The study used survey data gathered by Unicef and USAID on the prevalence of FGM in 28 African countries plus Iraq and Yemen. In some countries, particularly in the horn of Africa, such as Somalia, FGM is near universally carried out.

Researchers applied this prevalence data to information from the 2011 census on the females born in these countries living in the UK.

Professor Alison Macfarlane of City University said: “These estimates have limitations as they assume that the women who have migrated are typical of women in their country as a whole which may well not be the case. They are needed as it is difficult to collect data directly about the numbers of women affected.”

The study was funded by the Home Office and the charity The London Trust. The purpose of the study is provide information for professionals to plan support service for women with FGM and safeguard those at risk.

The study also looked at the number of daughters born to women with FGM as these girls may be at particular risk. Researchers estimate that between 2005-13 nearly 31,000 girls were born to mothers with FGM in London.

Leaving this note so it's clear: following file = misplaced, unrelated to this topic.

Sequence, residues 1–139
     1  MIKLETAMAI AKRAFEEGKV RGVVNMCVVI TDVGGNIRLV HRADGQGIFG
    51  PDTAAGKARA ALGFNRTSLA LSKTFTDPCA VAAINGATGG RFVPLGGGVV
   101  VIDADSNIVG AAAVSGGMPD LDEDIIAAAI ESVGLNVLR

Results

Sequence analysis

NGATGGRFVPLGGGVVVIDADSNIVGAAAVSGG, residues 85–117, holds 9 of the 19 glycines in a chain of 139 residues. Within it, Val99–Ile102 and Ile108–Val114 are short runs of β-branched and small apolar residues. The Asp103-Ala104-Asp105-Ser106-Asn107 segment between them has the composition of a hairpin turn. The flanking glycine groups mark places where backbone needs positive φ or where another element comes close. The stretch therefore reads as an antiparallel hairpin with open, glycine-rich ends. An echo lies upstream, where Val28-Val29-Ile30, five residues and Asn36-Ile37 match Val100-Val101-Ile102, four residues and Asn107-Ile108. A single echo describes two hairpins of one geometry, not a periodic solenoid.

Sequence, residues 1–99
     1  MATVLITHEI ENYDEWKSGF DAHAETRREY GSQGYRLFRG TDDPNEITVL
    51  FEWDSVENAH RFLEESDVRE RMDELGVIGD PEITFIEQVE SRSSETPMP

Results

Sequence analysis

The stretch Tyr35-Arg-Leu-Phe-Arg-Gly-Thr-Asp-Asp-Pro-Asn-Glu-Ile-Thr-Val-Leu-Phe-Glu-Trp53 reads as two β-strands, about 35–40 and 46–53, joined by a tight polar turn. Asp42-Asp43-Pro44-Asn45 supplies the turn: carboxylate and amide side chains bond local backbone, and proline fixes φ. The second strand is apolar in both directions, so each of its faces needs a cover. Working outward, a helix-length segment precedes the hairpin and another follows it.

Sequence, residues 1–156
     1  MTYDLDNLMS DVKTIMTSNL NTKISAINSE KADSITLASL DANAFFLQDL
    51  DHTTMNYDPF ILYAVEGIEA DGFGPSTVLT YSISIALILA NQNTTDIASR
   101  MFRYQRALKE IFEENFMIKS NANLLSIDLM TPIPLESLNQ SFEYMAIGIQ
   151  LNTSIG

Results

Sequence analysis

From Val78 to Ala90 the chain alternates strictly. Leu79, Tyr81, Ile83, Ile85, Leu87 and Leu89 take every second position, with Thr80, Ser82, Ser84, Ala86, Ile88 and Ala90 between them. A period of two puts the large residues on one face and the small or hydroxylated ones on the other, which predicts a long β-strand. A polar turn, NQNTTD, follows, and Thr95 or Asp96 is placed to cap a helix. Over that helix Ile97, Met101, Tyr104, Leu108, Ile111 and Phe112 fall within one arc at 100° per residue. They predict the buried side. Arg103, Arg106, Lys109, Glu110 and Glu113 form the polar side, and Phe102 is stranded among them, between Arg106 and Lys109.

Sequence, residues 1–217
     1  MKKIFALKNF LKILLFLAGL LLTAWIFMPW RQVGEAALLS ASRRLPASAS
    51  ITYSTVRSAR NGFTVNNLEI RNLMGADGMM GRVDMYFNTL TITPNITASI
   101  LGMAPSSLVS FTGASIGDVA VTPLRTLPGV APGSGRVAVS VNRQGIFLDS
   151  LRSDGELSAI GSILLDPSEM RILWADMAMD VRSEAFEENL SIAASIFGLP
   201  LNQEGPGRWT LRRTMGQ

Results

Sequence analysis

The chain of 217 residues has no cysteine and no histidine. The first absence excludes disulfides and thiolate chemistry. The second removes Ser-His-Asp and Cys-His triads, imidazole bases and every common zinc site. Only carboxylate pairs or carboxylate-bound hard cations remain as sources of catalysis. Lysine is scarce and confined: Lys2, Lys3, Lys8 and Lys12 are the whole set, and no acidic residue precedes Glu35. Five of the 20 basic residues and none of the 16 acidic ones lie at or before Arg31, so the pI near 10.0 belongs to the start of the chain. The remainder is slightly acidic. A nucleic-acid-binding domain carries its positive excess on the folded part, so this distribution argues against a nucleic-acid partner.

Female genital mutilation was made criminal offence in the UK in 2003 but to date there has been no successful prosecution.

Source data

London flies flag for West as East leads global growth ranking

aerial river nightLondon is the only western city to feature in the top 30 places for economic and employment growth in a ranking of the 300 largest metropolitan areas in the world.

The rankings are carried out by the respected American think tank, the Brookings Institution for its annual Global Metro Monitor report. Brookings looks at the growth in GDP per capita (the sum of the market value of all goods and services produced divided by the population) in each city, plus the growth in jobs.

The results for 2013-14 show that three quarters of the fastest growing cities are in the developing areas of Asia-Pacific, Central Asia and Eastern Europe. The only city in Western Europe and North America is London, ranked in 26th place.

Position City Country Region
1 Macau China Developing Asia-Pacific
2 Izmir Turkey Eastern Europe/Central Asia
3 Bursa Turkey Eastern Europe/Central Asia
4 Dubai UAE Middle East/Africa
5 Kunming China Developing Asia-Pacific
26 London UK Western Europe

London went up 32 places from last last year with GDP per capita growth of 2.5% and employment growth of 3.6%. London’s traditional rivals in the global cities stakes fared poorly. New York was placed at 176 and Paris at 260.

Other UK cities performed well with Manchester at 60, Edinburgh at 71 and Bristol at 79 in the rankings.

Source data

See also:

London “most influential” global city

NY beats London in economic power